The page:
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How Much Sleep Does My Child Need?

Parenting Sleep

Since May is National Better Sleep Month, we thought we'd address the frequently asked question by parents: How much sleep does my child really need? Sleep is of course especially important for children as it directly impacts mental and physical development.
The answer of course, will depend on your child's age and stage of development, so whether you are trying to figure out your newborn's erratic sleep stages, or you need some ammunition for a bedtime-discussion with your pre-teen, here are some guidelines you can follow:

0-3 months

Your newborn baby has not yet settled into their circadian rhythm (sleep-wake rhythm) and will therefor not have a regular sleep schedule just yet. But your baby needs about 10-18 hours of sleep per day. So don't worry so much if your child sleeps in irregular spurts right now. Soon enough she will settle into a more predictable pattern. Put her to bed while she is sleepy, but not yet sleeping. This will help her learn how to fall asleep on her own. As time passes, encourage longer nighttime sleep-sessions by exposing her to light, noise and activity during the day, and quiet, dimmer and calmer activity in the evening.

4-11 months

Usually you can phase out the nighttime feedings by about 6-9 months of age. At this stage your baby will usually sleep between 9-12 hours per night, and usually spend up to another 4 hours napping during the day (naps usually get shorter and fewer closer to the first birthday). If you've been putting him to sleep while still awake, he will have an easier time falling back asleep by himself if he happens to wake in the middle of the night.

1-2 years

Toddlers need about 11-14 hours of sleep in a 24 hour period. Many will still get part of this necessary sleep time through naps, but these will continue to decrease around 18-24 months of age. Try to keep naps earlier in the day so they don't interfere as much with bedtime. Keep consistent bedtimes and bedtime routines to encourage a more regular sleep schedule.

3-5 years

Your preschooler needs about 11-13 hours of sleep, and by now many will have phased out their naps, but if your child still naps during the day, you can expect a shorter sleep during the night. Thanks to a growing imagination, nightmares and nighttime fears are very common at this age and can interfere with their sleep. Keep a consistent and calming bedtime routine prior to bed to instill a feeling of safety and security.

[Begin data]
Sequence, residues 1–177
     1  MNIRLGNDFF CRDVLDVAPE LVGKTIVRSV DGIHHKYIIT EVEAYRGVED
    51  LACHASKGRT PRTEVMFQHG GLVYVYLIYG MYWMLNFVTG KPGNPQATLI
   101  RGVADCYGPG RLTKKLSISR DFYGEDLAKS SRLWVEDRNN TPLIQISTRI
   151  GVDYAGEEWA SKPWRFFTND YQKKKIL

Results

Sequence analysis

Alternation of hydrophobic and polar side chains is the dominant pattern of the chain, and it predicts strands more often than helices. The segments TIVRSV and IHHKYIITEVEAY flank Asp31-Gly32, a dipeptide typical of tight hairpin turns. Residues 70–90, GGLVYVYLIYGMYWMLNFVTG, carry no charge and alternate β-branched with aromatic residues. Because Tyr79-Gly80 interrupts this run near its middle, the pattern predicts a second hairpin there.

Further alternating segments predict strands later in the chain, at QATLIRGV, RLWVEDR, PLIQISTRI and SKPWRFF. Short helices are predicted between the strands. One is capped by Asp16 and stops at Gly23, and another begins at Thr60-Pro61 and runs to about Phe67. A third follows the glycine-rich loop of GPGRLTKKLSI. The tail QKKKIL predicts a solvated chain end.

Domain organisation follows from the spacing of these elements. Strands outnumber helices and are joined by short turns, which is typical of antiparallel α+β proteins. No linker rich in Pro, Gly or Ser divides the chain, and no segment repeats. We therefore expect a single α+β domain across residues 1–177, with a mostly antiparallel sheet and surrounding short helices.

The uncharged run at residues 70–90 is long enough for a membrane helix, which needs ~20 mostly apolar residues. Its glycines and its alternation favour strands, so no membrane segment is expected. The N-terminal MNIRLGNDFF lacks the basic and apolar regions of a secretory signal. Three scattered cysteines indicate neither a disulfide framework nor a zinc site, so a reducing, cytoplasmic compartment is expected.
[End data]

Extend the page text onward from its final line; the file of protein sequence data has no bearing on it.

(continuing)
6-13 years

Your school aged child needs about 9-11 hours of sleep every night. The demands on this age group from school, extra curricular activities and an increased interest in TV, computers and the Internet will make it a challenge to get the proper amount of sleep. Studies shows that watching TV or spending time on electronics too close to bedtime cause difficulty falling asleep and an increased anxiety about sleeping. Lack of sleep at this age can cause mood-swings, behavioral and cognitive problems. To help ensure your child gets plenty of sleep, make their bedroom conducive to sleeping: keep it cool, dark and quiet. Keep TV's and computer's out of their bedroom and avoid caffeinated food products. If you need help managing your child's screen time before bed, read this.

13-18 years

Your adolescent child needs about 9-9.5 hours of sleep, but studies show that the average sleep time for teenagers is only 7 hours. After puberty, your teenager goes through an internal shift, which results in an extra 2 hours of awake time in the evening. To compensate, they should be sleeping an extra 2 hours the next morning, but this rarely happens as school start times don't change. Extra curricular activities and socializing also tend to occupy a teenager's evenings, resulting in a later bedtime. Sleep deprivation at this age will result in a poor mood, problems with memory and attention (meaning grades start slipping) and shorter reaction times (important if your teen is driving). To help your child get enough sleep, encourage her to keep a regular sleep schedule, going to sleep and waking up around the same time every day. Sleeping in on the weekends is very tempting, but can make it very hard to go to sleep on time come Sunday night, resulting in a sleep-lag at the start of the week. A short afternoon nap might be more helpful. Also try to reduce screen time just prior to bed, encourage reading or journaling instead, and avoid caffeinated food products in the evening.

Thank you Google for all these tranquil, calming pictures! :)


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